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||Following on from the tea money discussion - my folks were also big fans of pointing out 'money' on the top of tea. Hence, when I was a nipper I would stir every cup of tea in a frenzy, to try and make some 'money' appear. This usually just resulted in lots of spilled tea.|
Having money on your tea is supposed to bring good luck, but despite frantic tea-drinking leading up to eight o'clock every Saturday evening, it has so far failed to secure me a lottery win.
I'm not sure about the origins of the money thing - my grandparents were Scottish and Irish, so maybe it's some exclusive Celt thing.
One other thing - in my experience, 'money' is more easily conjured on top of tea that has sugar in it.
And finally, I thought I'd share some tea terminology (tea-minology?) with you. Round our house, when somebody is foolish enough to serve up a cuppa that's too weak, they are promptly told that they've just made some "fortnight tea" (two week - ho!).
That's all for now.
McVitie's Lyles Creams Review
I had forgotten all about these as your review was a long time prior to my seeing them on the shelf. Not being a cream biscuit fan myself, I nearly didnt buy them, but luckily the other half stuck them in the trolley, as they remind me exactly of the biggest breakfast treat from my youth - a bowl of porridge laced with black treacle and cream. They are now my favorite biscuit, even surpassing the Bahlsen dark chocolate ones. Does anyone else have a favorite biscuit influenced by a love of another food I wonder?
Custard Cream Review
Must congratulate you on your thoroughly engaging site, makes my mouth water every time I visit.
I would like to add to the comments following the Custard Cream review: They are pretty good dunked in port. I discovered this one day, snuggled up on the sofa with my hubby who was partaking of a few custard creams with his cup of tea. I had declined a cuppa in favour of a generous measure of Dow's Port, and, just to wind him up, I nicked a Custard Cream. In danger of having to surrender it back to him, I dunked it quickly in my port. He looked at me in disgust and said he no longer wanted the biscuit, so I ate it. I wasn't expecting it to taste very good, but to my surprise it was gorgeous. I am now on a lifelong crusade to introduce as many people as possible to this unlikely but very tasty combination.
Am also very impressed by one reviewer's suggestion of prising the two halves of two Custard Creams apart and matching together the creamy sides - very cunning indeed. I am of the habit of eating both halves separately, and feeling very smug because that way I get all the cream with only half the biscuit, thus cheating the manufacturer, but I hadn't thought of matching TWO creamy sides together. I am quite excited by this prospect and need to go and buy a packet as soon as possible so I can have a go.
|El Pollo Diablo
Your website is amazingly good, and I like it very much, but I have noticed that your toucan tea drinking news is sadly lacking.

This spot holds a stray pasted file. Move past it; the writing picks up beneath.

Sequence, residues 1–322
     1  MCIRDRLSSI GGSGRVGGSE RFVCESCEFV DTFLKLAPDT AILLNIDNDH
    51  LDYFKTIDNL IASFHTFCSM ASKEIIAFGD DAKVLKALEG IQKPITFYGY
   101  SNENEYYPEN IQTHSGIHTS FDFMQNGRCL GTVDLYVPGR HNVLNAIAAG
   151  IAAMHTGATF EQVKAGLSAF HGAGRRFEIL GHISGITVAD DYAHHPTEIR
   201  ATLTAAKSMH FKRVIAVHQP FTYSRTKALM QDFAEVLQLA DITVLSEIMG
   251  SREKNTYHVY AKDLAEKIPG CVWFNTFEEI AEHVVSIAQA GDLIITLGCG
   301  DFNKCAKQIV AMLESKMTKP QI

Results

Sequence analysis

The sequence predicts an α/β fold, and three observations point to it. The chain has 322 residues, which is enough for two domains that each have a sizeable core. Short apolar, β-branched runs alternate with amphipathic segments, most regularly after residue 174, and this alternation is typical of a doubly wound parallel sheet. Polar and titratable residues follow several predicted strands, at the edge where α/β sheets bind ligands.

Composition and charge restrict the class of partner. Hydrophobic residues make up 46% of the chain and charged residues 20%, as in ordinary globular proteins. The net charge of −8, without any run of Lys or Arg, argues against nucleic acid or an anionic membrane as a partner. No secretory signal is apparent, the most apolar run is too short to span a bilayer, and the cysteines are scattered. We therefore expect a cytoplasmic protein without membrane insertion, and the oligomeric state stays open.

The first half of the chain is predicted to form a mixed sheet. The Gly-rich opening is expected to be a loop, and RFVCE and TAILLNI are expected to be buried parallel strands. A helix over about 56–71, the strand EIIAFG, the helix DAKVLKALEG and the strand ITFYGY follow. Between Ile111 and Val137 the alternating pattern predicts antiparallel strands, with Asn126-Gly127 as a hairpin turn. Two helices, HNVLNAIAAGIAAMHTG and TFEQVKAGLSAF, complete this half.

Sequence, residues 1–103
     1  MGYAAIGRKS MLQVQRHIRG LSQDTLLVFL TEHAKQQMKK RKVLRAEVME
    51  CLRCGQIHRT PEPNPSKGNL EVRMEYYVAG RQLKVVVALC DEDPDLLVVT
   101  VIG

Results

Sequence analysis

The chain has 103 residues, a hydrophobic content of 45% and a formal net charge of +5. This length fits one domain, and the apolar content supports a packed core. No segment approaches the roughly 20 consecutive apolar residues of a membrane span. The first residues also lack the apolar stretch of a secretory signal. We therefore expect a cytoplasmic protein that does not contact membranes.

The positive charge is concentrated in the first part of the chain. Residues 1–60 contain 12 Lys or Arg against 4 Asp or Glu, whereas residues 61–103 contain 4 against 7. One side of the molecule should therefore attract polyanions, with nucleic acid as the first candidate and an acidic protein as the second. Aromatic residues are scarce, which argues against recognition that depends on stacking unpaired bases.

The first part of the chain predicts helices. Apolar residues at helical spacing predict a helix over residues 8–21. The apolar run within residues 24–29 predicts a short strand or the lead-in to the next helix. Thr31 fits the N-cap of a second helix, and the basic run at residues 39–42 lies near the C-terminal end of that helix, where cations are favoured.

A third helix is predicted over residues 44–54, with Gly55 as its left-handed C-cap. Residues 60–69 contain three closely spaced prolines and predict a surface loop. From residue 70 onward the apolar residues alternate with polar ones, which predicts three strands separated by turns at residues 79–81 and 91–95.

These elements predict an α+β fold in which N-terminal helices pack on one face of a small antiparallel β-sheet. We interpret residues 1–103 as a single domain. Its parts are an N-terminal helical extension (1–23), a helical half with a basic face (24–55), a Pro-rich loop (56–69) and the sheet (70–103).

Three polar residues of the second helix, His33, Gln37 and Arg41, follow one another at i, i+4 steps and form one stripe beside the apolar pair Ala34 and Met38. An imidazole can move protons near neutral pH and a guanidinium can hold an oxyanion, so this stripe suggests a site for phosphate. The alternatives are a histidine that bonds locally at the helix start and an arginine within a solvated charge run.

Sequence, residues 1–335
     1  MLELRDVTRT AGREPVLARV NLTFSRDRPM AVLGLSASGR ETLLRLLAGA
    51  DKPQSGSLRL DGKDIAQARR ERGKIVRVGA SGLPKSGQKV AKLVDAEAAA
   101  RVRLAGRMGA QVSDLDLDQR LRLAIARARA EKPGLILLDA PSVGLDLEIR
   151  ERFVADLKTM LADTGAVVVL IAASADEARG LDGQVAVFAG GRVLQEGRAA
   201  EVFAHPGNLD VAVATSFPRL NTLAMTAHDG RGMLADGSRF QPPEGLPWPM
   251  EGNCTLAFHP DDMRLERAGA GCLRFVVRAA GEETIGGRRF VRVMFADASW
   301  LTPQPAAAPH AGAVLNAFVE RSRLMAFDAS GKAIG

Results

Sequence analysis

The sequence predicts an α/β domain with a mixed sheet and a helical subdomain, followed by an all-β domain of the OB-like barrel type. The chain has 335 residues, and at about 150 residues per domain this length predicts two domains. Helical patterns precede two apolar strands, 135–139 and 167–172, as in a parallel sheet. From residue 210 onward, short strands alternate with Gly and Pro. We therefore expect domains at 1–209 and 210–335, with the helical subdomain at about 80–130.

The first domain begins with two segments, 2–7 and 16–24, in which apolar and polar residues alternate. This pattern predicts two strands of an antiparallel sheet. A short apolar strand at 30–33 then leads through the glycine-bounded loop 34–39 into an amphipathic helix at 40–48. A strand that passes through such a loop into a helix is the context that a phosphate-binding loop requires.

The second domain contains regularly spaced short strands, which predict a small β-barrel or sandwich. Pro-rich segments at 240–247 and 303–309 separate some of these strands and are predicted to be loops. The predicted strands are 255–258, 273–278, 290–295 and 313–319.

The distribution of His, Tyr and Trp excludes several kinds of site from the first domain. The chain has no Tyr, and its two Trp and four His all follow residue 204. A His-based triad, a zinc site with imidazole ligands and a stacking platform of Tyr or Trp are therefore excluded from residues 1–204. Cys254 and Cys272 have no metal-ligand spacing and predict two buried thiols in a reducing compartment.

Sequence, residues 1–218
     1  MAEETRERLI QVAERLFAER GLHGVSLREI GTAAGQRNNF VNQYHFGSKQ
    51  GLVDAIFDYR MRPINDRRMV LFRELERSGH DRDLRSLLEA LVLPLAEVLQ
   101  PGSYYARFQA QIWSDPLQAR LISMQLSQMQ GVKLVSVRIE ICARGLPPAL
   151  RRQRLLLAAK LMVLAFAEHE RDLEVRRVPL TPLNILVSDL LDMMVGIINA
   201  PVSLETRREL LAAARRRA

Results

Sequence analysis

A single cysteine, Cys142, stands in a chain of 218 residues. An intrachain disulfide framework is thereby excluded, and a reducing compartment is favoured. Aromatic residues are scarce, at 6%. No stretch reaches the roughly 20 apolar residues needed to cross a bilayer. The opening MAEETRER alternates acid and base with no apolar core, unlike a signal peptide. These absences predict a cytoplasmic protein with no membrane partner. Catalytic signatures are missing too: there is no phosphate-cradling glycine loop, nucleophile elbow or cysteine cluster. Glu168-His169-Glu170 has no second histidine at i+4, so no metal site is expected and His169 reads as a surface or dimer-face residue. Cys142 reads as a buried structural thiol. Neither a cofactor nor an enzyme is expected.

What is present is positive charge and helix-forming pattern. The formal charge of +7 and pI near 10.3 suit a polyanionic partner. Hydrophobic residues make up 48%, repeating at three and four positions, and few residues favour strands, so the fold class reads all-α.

Please allow me to direct you here
El Pollo Diablo
|Nicey replies: They could just remove the large amounts of Guinness from their diet, which is allegedly a good source of iron, but that would be cruel.|
Tunnocks Wafer Review
|I write to you in search of a question I and my colleagues have pondered over on many an occasion. I hope that in your wisdom you (or one of your associates) can provide an explanation.|
To start, if i may, a touch of background:
we are role-players. we play dungeons and dragons. an activity that can, and in our case does, involve tea, coffee, and inevitably biscuits, of varied type based on who is "buying" that week.
our habits are simple; pete always brings custard creams, usually a supermarket own brand; John brings shortbread or ginger nuts; I take whatever sounds good at the time (usually Jestives or the luxury cookie-style biscuits that mcvities have started doing, with raspberry and white chocolate) and our mate Rob will bring Tunnocks Caramel Wafers.
and each time he does, he reads the immortal phrase from the back of the wrapper:
"more than 4 million made each week"
and we have to wonder
who eats all these wafers?
granted, we do get through our fair share of a wednesday evening, but are they exported? used to build houses?
because EVERY time i see these things for sale, they are in the marked-down stack at Iceland because they are short-dated. or piled high nect to the Tunnock's Snowballs and mallow filled sugar bombs.
IF you can shed some light on this it would be MOST appreciated. i would hate to think that tunnocks, apparently a small family concers, is putting all the time and effort into meeting their 4 million wafer bar per week quota, only to have their shipping company dump them in the Solent before they reach the shelves.....
thanks in advance,
|Nicey replies: Oh yes its a standard 'wonder of the universe' type question, who actually eats all the Tunnocks Wafers. I made my own calculations several years ago which were heavily skewed towards the entire Scottish nation eating one approximately every 9 days, which means a pack of 8 would do a family of four for nearly three weeks. Now allowing for export, by which I mean selling them outside Scotland, and for some people who obviously are going to eat a whole packet of 8 to themselves, the figures don't look so astronomical.|